Author Archives

Gordon Harris

Gordon Harris is the town historian for Ipswich Massachusetts.

Melanson’s fire, August 7, 2009

The video above was posted on Youtube by Donald Freyleue. Herman Melanson’s Boatyard on Water Street burned in a spectacular fire on August 7, 2009. The boathouse was constructed by Herman Melanson’s father in 1954. Herman and his mother continued to live there after it was sold to Arthur Harrington in 1985. Harrington’s […]

Lords Square

Lords Square was known as Brewer’s Corner in early Ipswich. John Brewer was a town clerk and being on what was then the outskirts of town owned a large lot, which he divided into sections and sold. Brewer’s First Period home at 82 High Street was built in […]

Great Neck

Before the settlement of Ipswich was begun in 1633 by John Winthrop, William Jeffrey, who had come over in 1623, had purchased from the Indians a title to the glacial drumlin which bears his name. By 1639 the whole tract was set apart as a common pasture by the new town, and in 1666 the General Court gave Jeffrey five hundred acres of land elsewhere. After the early eighteenth century, the Necks remained as the only common lands retained by the Commoners.

Wolf moon over Little Neck

Little Neck

Featured image: “Wolf Moon” over Little Neck, January 1, 2018. Photo by Susan Turner Po In 1639, two wealthy brothers William and Robert Paine (aka Payne) procured a grant of land in the town of Ipswich from the Massachusetts Bay Colony. In about 1649 Robert offered to “erect […]

Benjamin Ellsworth at the Ipswich Lighthouse

The Ipswich lighthouse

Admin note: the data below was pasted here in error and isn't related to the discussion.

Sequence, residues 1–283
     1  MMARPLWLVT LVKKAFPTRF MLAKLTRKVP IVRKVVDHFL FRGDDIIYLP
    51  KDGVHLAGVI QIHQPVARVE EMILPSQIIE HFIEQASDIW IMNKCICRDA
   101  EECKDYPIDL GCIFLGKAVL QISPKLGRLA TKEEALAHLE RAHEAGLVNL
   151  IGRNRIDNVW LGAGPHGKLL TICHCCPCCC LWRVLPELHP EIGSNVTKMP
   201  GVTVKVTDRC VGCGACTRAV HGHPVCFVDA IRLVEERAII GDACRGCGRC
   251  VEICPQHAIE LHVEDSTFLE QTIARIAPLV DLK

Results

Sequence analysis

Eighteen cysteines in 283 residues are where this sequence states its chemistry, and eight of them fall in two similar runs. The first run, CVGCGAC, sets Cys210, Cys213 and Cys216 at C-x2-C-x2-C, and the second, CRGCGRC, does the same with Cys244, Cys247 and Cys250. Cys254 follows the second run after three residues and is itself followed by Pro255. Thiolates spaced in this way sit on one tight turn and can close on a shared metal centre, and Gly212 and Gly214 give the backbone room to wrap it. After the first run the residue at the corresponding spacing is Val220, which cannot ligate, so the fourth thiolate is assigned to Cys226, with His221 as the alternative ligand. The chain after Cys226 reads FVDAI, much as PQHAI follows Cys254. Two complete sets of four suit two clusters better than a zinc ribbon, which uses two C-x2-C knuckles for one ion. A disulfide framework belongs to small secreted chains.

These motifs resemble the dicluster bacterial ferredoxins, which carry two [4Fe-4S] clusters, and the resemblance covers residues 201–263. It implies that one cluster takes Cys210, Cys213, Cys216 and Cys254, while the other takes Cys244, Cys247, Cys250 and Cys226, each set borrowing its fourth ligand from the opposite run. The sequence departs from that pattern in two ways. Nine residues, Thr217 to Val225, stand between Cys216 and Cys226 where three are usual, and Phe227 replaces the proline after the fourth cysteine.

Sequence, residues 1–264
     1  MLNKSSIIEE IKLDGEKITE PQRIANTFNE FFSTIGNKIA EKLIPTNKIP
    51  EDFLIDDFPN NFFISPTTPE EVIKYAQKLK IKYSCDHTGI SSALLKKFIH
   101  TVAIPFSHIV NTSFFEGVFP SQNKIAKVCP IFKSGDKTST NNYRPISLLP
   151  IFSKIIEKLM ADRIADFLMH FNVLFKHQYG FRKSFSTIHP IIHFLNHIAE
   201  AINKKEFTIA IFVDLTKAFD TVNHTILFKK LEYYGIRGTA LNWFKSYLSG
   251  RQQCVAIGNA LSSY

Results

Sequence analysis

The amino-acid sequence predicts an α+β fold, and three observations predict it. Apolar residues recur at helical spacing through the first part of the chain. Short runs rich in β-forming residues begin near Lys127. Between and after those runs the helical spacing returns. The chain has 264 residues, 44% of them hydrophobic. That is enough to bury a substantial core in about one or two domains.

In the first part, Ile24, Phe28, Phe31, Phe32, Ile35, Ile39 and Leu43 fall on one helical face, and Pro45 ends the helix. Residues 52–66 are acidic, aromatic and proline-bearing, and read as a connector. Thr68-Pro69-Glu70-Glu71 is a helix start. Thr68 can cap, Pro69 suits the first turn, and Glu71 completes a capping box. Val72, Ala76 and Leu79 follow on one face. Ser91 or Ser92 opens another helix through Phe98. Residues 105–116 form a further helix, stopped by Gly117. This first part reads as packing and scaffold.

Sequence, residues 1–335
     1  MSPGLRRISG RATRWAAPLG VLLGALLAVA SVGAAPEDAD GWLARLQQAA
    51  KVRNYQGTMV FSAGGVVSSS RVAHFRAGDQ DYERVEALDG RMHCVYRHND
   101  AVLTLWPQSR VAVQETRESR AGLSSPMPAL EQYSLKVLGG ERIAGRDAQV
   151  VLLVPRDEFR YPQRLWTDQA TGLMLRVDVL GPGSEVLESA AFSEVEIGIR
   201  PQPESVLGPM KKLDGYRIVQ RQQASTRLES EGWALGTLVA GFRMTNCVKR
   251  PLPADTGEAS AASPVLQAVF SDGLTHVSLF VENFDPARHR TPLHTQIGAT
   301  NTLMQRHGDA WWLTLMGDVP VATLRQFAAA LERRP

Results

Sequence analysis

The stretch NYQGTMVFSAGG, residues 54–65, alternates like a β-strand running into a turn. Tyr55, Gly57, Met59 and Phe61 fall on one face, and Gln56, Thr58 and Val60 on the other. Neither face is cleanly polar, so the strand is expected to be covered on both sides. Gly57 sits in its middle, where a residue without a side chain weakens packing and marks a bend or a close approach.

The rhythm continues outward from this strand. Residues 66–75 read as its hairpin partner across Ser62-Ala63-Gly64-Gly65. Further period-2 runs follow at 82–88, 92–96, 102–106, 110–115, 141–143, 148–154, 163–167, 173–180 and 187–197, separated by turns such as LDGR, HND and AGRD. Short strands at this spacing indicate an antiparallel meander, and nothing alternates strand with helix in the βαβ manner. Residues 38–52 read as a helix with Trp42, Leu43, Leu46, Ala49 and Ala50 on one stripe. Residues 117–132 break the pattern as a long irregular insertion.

Benjamin Ellsworth was appointed keeper of the Ipswich lighthouse by Abraham Lincoln in 1861. With his daughter Susan, he remained at the station until his death in 1902. In 1837 the U.S. government erected two 29′ towers for guidance to the mouth of the Ipswich River along with […]

Legendary ships of Salem

The photos and text below are from Old-time Ships of Salem, published by the Essex Institute, 1917. “From the year of its settlement in 1628 until the middle of the 19th century, Salem, in the Massachusetts Bay, was a maritime port surpassed in size and importance by only two or three […]

Dustbane–sawdust in a can!

Dustbane Products was founded in 1908 by two entrepreneurial Canadians, Chester E. Pickering and George W. Green, who managed to convince people to buy pine-scented sawdust for cleaning floors, despite the fact that people already used free sawdust for that purpose. U.S. Manufacturing plants were established in Chicago and Ipswich.The […]

Sales of Negroe slaves

Names of the Ipswich slaves

In 1641 the Massachusetts Bay Colony adopted a code of laws that made slavery legal. In 1755, the slaves in this town above the age of sixteen numbered sixty-two, but within ten years, public opinion began turn against slavery. In 1780, the present Constitution of Massachusetts was adopted, its first article asserting that all men are born free and equal.

The Great Salem Fire, June 25, 1914

Salem, Massachusetts burned on June 25, 1914. It began with a series of explosions at the Korn leather factory on Boston street, and burned 253 acres, cut a swath a half-mile wide and a mile-and-a-half long through the city. Almost half of the population of 48,000 people lost their homes. Read more […]

Bombshell from Louisbourg

Mounted securely to a stone post at the corner of Middle and Independent Streets in Newburyport, there was for many years a large cast-iron bombshell, thrown from a mortar at the Second Siege of Louisbourg, Nova Scotia in 1758. It was brought to Newbury by Nathaniel Knapp, who served as […]